Q: Why doesn’t humanitarian aid money trickle down to the people most in need?
VanRooyen: When the NGO machine steps into a large-scale humanitarian emergency, it quickly provides water and sanitation services, food aid, health care, housing, and security. Most organizations don’t effectively prepare for long-term sustainability — they don’t build water delivery systems for the city, they don’t build housing that will last, they don’t build infrastructure for program delivery. In many ways, the NGO community creates an alternate economy, and much of the money is spent on the delivery of emergency services. So it’s a valid complaint from local residents: “Where did all the money go? We don’t have pipes, we don’t have ditches, we don’t have farmland, we don’t have tools.”
On the other hand, it is difficult to deliver resources directly to affected individuals and families. And money delivered to a nonfunctional or nonexistent government rarely gets to the people in need. Those who argue that the humanitarian field needs to get more cash to recipients should instead be saying, “We need to spend more money to plan and understand where the next humanitarian catastrophes are going to be, so that we can prevent them.”
Q: What was the most difficult environment in which you delivered humanitarian assistance?Leaning: I was in Mogadishu, Somalia, in January ’92, during the height of the terrible internecine war that persists to this day. The fighting in Mogadishu was a combination of direct slaughter and indiscriminate firing of very heavy weapons on a city built of sandy concrete. Essentially, the city crumbled. People were trapped, killed, mutilated, and brought to hospitals that were completely unequipped to handle complex casualties.
The humanitarian teams were fraying under the stress. People were very strung out, just trying to put one foot in front of another, not get killed themselves. They were traumatized, overwhelmed, intimidated, and having great difficulty practicing according to the standards in which they had been trained. They were hungry, sleep-deprived, in a chronic state of anxiety. No matter what they did, they knew there would be high mortality. Hardly anyone had the capacity to rise above the melee and say, “We’ve got to do things differently.” It was hell.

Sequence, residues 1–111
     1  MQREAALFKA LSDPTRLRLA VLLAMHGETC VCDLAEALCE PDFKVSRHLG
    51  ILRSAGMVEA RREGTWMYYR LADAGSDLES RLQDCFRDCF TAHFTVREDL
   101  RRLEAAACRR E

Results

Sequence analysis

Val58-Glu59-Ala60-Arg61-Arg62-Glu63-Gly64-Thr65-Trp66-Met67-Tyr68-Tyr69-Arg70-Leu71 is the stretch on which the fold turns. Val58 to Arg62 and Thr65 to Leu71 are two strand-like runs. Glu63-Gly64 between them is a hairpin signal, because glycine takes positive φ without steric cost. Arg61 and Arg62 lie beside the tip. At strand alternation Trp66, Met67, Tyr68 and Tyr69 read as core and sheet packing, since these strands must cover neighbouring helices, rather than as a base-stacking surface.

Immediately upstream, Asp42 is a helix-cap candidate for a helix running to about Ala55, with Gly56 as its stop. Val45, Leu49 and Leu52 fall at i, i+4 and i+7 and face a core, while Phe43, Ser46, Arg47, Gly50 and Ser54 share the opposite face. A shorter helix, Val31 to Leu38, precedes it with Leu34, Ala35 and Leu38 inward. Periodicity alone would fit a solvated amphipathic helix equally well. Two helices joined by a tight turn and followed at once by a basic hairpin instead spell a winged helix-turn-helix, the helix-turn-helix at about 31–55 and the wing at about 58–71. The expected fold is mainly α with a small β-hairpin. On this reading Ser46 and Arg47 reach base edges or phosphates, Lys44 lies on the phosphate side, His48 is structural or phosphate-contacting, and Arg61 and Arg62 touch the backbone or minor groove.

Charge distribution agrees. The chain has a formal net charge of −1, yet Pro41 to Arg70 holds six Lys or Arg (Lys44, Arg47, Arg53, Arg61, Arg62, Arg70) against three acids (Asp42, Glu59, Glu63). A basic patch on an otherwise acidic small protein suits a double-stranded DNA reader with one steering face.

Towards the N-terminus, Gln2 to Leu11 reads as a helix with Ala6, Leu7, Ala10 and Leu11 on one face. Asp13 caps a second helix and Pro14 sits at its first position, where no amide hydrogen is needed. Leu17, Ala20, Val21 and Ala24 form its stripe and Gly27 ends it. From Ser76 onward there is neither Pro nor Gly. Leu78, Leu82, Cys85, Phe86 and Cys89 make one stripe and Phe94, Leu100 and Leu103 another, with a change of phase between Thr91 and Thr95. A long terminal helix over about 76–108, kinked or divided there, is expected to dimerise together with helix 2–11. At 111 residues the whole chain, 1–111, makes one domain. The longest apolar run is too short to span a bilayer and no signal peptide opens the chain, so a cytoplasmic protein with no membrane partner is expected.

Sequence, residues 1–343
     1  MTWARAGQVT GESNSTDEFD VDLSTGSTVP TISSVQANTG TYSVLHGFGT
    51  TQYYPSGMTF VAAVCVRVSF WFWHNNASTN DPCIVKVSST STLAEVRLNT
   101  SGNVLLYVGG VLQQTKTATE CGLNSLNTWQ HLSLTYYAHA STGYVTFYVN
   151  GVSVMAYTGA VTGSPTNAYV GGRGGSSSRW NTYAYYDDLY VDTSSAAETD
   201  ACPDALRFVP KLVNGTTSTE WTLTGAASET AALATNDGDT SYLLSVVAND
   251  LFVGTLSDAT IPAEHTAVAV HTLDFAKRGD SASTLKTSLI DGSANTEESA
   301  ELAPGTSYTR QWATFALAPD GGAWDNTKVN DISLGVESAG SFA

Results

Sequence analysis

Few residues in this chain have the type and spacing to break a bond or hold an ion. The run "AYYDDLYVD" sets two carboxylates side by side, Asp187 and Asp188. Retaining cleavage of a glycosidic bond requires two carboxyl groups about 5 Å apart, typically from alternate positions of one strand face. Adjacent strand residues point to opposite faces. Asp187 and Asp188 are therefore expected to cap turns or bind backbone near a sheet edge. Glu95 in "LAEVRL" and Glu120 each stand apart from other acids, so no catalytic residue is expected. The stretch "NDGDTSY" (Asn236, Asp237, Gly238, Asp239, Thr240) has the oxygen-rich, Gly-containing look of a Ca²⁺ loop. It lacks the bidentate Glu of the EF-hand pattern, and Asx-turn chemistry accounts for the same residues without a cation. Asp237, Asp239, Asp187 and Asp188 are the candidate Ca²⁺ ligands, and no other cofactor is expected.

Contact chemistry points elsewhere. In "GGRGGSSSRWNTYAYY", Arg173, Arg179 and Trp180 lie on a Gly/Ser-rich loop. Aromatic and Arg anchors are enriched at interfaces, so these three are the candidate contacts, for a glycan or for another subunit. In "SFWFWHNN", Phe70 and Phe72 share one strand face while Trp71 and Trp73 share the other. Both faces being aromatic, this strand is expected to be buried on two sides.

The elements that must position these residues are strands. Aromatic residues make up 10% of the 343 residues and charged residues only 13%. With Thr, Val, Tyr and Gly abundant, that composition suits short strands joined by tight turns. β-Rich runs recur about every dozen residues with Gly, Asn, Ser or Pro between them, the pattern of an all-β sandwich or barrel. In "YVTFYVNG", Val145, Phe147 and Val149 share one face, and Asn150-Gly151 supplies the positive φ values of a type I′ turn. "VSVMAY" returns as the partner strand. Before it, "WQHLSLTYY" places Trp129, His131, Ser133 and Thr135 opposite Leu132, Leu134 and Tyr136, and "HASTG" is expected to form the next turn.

Q: What was one of the more satisfying humanitarian operations you’ve been involved in?
Parmar: In Pakistan during the 2010 floods, I worked closely with relief partners in the region—Médecins Sans Frontières (MSF), Muslim Aid, and Islamic Relief, among others. We collaborated to avoid duplication of services in an often-chaotic environment, filled with misinformation. MSF, for example, referred us to local staff as they were scaling down in the region, and shared data they’d collected during their operations. This level of coordination is unique in crisis and conflict settings. It reflects new initiatives to improve collaboration among humanitarian actors. The organization I represented also worked closely with the national government and local health departments, which strengthened the sustainability and impact of our efforts. Though our coordination was imperfect, it saved lives and sped aid to those who most needed it.
Q: When does humanitarian aid work well — and when does it not?